WASHINGTON — There is no getting around fasting during Lent.
Not only is it one of the three pillars of spiritual practice
along with prayer and almsgiving, but it also bookends the period of
preparation for Easter.
Fasting and abstinence is required of adult Catholics, ages
18-59, at the start of Lent on Ash Wednesday and at its end on Good Friday.
This means eating only one full meal and two small meals that equal one meal as
well as no snacks in between meals and no meat consumption.
Creighton University's Online Ministries program, "Praying
Lent 2017," says the purpose of fasting is to "experience the effects
of not eating. It also serves to be a penance or a sacrifice for the purpose of
"When we get hungry, we have a heightened sense of
awareness," it adds, noting that the practice helps people to clarify
their thoughts. "It is purifying and prepares us to pray more
deeply," the resource from Jesuit-run Creighton University in Omaha, Neb.,
In addition to the two days of fasting, Catholics 14 and older
are obligated to abstain from eating meat during Fridays in Lent.
The Friday practice is a sacrifice meant "to help Catholics
make much bigger sacrifices," the Creighton resource says, pointing out
that not eating meat doesn't give someone permission to eat a fancy fish meal.
And for vegetarians, it could mean abstaining from a favorite meal.
Fasting, which has deep roots in many religious traditions, is
meant to draw participants into deeper prayer and also link them with those in
For Christians, the tradition has roots in both the Old and New
Testaments. In the Gospel of Matthew, Jesus tells his disciples how they should
look when they are fasting — not gloomy, not neglecting their appearance and
with their faces washed so they do not appear to be fasting.
"Jesus says when we fast, not if," said Father John
Riccardo, pastor of Our Lady of Good Counsel Parish in Plymouth, Michigan.
He said the key to fasting is to attach an intention to the
practice "rather than seeing it as a flexing of our self-discipline
muscles." It makes the practice "not about me but someone else,"
he told Catholic News Service March 1.
"Fasting is heavy artillery," he added because the
person doing it is denying themselves something and trusting that God will use
Although fasting is technically not eating food, giving something
up can also be a form of fasting.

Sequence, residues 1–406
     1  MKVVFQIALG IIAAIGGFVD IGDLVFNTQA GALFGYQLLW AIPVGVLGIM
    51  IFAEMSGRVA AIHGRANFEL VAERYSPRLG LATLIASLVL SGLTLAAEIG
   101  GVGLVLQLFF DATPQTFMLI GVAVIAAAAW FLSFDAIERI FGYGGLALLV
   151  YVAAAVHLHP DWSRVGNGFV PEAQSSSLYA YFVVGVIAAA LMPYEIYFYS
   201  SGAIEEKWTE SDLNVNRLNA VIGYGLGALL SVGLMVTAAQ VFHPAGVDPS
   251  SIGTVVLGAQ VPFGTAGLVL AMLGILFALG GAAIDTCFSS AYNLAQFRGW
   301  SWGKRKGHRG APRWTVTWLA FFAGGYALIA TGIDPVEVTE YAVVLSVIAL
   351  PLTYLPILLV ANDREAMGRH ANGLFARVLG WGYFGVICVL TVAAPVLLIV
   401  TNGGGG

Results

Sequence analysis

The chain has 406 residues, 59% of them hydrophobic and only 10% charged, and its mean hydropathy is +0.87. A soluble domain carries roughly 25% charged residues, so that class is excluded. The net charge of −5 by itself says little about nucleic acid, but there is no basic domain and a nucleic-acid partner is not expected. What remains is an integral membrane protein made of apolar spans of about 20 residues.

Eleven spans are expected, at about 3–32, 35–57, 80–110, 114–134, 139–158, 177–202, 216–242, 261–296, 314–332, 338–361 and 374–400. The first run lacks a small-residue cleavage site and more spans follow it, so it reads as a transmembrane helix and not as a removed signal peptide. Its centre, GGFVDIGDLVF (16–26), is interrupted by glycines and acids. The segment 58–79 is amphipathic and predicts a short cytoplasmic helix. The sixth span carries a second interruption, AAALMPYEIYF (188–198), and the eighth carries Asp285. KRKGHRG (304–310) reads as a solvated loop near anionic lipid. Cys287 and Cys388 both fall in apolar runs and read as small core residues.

Msgr. Charles Murphy, author of the 2010 book: "The
Spirituality of Fasting: Rediscovering a Christian Practice" said there
are two forms of fasting — total and partial. A total fast is eating nothing
and drinking nothing for a designated period of time where a partial fast
involves giving up certain things for a specific period of time.
Partial fasting is a popular part of Lent where people choose to
give up something such as soda, candy, beer, television or more increasingly,
The top things people said they were going to give up this Lent,
according to OpenBible.info, a Web search engine that examined Twitter posts
during the week of Feb. 26, included a mix of social media and food and one
wishful thinking: school. The only other top 10 mention that wasn't a food or
drink was to give up swearing.
Partial fasting, just like a full fast, shouldn't be done to
benefit the person doing it. "It's not to make us more narcissistic, which
it can do," said Paulist Father Jack Collins, who helped Busted Halo, the
Paulist website, with videos like "You don't know Jack about Lent" a
few years ago.
"We don't fast to feel good, but to remind ourselves that
half the world goes to bed hungry," he said, adding that it's a way of
reminding us "we are our brother's keeper."
Paulist Father Larry Rice, director of the University Catholic
Center at the University of Texas at Austin, is not keen on people looking for
a loophole in their fasting practices, for example saying that Sundays don't
count and they can have whatever they gave up that day.
"I get that people want a pressure relief valve, " he
said, "but when I open my missal it says the First Sunday of Lent"
meaning Sunday counts.
The U.S. Conference of Catholic Bishops gives a little leeway
here. In its fasting guidelines it notes that if someone is giving something up
for Lent it is more effective if it is continuous — "kept on Sundays as
well. That being said, such practices are not regulated by the church, but by
Father Rice, who is giving up riding elevators for Lent, said the
Catholic college students he works with typically give up a food or social
media. "They won't give up texting. That would be like giving up
breathing," he added.
This age group, and Catholics at large, could take a small step
toward a phone fast by following the initiative of the Archdiocese of Hartford,
Connecticut, which urged Catholics to not use their phones on Ash Wednesday and
Good Friday this year "as a way to reflect on God and the meaning of the